Sports

Baseball enters season with sights on Red Rolfe Division crown

Balance of young, experienced players, new facility set baseball team on path to spring success

By
Senior Staff Writer
Friday, February 17, 2017

With a brand new facility and strong upperclassmen leadership, the baseball team is entering its season in high spirits.

“We’re very confident in what we can do,” said co-captain and starting pitcher Christian Taugner ’17. “Our optimism — freshmen through seniors — is going to drive us through the season and boost us forward.”

The Bears finished last season with a 15-24 overall record, placing seventh in the conference and last in the Red Rolfe Division with a 9-11 Ivy League record.

From last year returns a key group of upperclassmen, including co-captains Taugner, outfielder Rob Henry ’17 and catcher Josh Huntley ’17, all of whom were regular starters in 2016.

The team will also benefit from the addition of nine new first-years instead of the usual six per class. Having a roster with an equal balance of younger and more experienced players has been an advantage for the Bears in training.

“Seeing the upperclassmen work together with the younger players has been a definite positive for us,” said Grant Achilles, who leads the Bears in his third year as head coach.

“It’s our opportunity to help shed some wisdom to some of the younger guys,” Huntley said, who paced last year’s team with a .313 batting average. “We’ve put a big emphasis on being able to help the younger guys learn as quickly as possible.”

Offensively, the Bears have been working to improve last season’s .259 team batting average. At the plate, Bruno will miss some key 2016 graduates, including infielder Tim McKeithan ’16 and outfielder Jake Levine ’16. But some of the team’s younger members hope to fill in the blanks left by the six departing seniors. A large percentage of the team’s home runs with be departing with the seniors, as the class of 2016 accounted for half of the team’s 22 dingers.

“We’ve seen some of our younger guys and also players who may not have had as much exposure last year truly step into those roles and take them on well,” Achilles said.

Following last year’s strain on a smaller pitching staff, the Bears will rely on a stronger, larger group of pitchers — including Taugner, Max Ritchie ’17, Reid Anderson ’18 and Dante Bosnic ’18 — to power through four-game weekends.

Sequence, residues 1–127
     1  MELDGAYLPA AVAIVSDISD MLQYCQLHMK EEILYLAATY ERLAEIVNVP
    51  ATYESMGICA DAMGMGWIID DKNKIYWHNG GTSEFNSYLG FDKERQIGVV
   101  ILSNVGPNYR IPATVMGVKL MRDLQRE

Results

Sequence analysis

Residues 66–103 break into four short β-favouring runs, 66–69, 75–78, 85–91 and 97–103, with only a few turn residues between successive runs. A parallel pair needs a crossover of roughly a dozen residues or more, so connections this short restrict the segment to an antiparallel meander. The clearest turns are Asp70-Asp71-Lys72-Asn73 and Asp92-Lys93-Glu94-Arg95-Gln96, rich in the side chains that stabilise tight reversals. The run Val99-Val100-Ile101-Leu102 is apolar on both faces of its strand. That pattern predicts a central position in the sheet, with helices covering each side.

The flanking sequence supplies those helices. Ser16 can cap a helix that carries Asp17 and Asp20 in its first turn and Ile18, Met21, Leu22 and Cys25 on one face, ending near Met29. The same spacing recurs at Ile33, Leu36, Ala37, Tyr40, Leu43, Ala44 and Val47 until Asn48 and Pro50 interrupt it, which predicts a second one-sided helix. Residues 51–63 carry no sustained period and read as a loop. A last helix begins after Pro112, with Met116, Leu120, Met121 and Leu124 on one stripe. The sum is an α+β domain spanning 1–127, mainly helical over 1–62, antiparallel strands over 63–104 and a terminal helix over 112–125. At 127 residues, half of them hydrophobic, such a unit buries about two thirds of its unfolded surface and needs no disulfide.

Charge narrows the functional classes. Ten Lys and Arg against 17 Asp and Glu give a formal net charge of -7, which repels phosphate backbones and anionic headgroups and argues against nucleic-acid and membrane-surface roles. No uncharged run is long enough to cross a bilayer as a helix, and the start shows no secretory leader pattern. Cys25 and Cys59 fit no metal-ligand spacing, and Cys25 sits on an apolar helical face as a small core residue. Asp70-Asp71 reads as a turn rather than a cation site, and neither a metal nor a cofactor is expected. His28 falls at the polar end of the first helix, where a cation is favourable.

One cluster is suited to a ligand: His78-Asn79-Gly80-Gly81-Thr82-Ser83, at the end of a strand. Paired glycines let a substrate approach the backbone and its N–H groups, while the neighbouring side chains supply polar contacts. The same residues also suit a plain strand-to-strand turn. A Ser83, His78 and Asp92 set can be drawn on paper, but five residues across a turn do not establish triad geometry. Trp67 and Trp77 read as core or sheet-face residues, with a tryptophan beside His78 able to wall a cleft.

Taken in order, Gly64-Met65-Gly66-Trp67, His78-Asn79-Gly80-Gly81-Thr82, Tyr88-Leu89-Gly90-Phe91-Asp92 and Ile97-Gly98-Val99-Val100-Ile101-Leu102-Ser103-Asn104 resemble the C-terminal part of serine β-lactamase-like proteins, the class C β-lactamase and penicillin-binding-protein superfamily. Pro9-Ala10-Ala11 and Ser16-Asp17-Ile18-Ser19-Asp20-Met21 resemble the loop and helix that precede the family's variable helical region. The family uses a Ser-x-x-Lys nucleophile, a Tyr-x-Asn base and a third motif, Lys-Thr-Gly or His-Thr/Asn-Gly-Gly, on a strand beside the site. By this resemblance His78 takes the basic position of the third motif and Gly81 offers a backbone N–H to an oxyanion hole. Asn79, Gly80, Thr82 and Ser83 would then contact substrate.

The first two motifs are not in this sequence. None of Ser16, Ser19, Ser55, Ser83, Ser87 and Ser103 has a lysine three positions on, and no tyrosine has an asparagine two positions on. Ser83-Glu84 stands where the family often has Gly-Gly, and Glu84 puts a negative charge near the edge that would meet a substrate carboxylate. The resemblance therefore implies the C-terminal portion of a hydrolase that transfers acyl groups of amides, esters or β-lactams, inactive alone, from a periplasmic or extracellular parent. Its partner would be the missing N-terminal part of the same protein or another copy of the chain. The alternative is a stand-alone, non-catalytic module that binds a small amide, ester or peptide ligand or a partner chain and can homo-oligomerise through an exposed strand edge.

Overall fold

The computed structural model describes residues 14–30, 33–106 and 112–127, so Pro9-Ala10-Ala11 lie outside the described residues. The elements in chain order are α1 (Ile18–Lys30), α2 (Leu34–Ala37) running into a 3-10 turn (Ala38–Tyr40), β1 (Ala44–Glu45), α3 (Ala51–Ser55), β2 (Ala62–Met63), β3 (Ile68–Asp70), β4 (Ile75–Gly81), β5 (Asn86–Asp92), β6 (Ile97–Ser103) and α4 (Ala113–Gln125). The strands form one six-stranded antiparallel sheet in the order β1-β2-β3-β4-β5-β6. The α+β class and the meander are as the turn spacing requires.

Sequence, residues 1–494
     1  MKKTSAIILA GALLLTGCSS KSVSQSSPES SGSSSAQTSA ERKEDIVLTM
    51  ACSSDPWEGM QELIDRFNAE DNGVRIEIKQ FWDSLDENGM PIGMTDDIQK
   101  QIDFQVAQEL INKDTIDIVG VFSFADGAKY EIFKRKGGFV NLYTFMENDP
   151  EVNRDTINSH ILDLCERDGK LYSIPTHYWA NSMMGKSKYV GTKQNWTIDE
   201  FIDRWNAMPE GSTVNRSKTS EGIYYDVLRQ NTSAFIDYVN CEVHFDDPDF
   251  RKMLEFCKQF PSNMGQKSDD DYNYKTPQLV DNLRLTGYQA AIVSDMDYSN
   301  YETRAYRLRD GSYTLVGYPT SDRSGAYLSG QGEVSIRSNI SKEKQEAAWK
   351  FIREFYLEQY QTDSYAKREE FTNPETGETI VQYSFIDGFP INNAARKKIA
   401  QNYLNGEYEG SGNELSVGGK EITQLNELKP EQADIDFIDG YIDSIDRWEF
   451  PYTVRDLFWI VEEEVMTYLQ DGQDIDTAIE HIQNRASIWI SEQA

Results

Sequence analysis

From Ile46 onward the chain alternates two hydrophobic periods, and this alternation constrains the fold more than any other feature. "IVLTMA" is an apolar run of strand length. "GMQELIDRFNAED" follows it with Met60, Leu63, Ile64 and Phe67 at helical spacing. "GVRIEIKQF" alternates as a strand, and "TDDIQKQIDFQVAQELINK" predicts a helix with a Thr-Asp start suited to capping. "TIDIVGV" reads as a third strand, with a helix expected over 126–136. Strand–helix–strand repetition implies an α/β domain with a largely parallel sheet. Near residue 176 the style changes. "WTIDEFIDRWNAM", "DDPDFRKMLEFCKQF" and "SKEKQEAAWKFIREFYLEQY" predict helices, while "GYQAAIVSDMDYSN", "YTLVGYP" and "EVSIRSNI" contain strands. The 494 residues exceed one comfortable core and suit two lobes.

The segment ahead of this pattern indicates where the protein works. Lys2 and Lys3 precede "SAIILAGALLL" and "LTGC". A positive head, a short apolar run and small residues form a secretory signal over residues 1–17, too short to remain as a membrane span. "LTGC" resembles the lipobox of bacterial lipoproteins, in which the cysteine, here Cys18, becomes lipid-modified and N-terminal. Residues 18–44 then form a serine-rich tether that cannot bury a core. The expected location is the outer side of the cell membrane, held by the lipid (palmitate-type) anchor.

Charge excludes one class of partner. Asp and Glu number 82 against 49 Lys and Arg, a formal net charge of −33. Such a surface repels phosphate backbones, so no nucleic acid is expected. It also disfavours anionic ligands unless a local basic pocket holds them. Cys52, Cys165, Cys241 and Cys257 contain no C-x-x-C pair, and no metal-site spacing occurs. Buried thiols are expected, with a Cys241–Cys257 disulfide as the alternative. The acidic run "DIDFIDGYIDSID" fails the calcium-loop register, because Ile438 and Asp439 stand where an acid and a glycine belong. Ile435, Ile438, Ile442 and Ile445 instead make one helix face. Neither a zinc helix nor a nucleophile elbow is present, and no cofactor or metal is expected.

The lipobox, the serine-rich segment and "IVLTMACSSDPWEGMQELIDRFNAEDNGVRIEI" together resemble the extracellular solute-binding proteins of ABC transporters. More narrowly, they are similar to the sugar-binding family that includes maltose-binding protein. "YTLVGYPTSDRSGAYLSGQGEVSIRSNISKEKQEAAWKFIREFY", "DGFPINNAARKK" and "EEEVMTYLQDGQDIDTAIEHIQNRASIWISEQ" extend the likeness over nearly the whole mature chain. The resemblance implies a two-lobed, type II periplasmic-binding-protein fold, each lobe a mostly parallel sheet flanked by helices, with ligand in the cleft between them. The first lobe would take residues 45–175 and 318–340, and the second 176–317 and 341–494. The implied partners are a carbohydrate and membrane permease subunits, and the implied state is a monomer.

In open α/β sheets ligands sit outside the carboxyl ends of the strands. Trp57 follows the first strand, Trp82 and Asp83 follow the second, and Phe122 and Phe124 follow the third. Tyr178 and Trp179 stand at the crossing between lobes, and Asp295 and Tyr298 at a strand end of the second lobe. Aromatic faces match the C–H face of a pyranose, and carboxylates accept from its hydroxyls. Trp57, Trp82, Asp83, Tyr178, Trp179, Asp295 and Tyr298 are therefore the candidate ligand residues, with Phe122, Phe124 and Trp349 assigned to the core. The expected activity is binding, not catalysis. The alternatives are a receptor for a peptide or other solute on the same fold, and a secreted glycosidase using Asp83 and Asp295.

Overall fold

“It was tough in that last game because we didn’t have enough arms to throw,” Taugner said, who led the Bears in 2016 with a 2.79 earned run average after returning from elbow surgery in 2015. “This year, we have five or six more pitchers that will have an immediate impact, which will really help us out.”

With the new season fast approaching, Achilles places particular emphasis on building up the team’s defensive strategy. He cited Brown’s new facility as a catalyst for improvement in this area.

“We let a lot of the plays go that we should have made over the past several years,” Achilles said. “A key part for us, just in our quest to improve the team defense, is being able to actually get out there and do it more.” The new facility, he said, gives the team that opportunity.

Brown’s new turf baseball and softball complex, constructed in the second half of 2016, has afforded the team an ability to practice outside in colder temperatures than in years past. The facility has provided more opportunities for full-team practices and repetitions in the offseason.

“It’s a great boost in our ability just to practice,” Taugner said. “There have been times where our first time outside isn’t until we travel for our first away game at the beginning of March.”

“It’s definitely going to pay off,” Henry said, who finished last season with a team-high 40 hits. “That’s been the main part of our training — just playing more baseball.”

Looking forward, the Bears have their sights set on earning their first Ivy League title in ten years.

“Winning the Ivy League championship — that’s our expectation,” Huntley said. “Anything short of that is settling and not fulfilling our expectations.”

“It’s just a matter of competing and staying present in the moment,” Henry said. “Our season goes by so fast — we have these expectations, we have these goals, and then we just lose sight of them once the season starts because we get so caught up in playing games and recovering.”

The Bears will begin their season March 3 and March 12 with a pair of three-game road series at Nicholls State and Texas A&M before playing their home opener on their new field against Holy Cross March 15. The game will mark the first time in Brown’s recent past that the team is able to play a game at home before the month of April. Bruno is slated to play a full month of non-conference games before kicking off Ivy League play at Cornell April 1. April will keep the team busy with 25 games scheduled, including 12 home contests, ten of which will be against conference competition.

“We’re very confident going into the season,” Taugner said. “We’re going to prove some people wrong, and that’s what we’re going to take pride in.”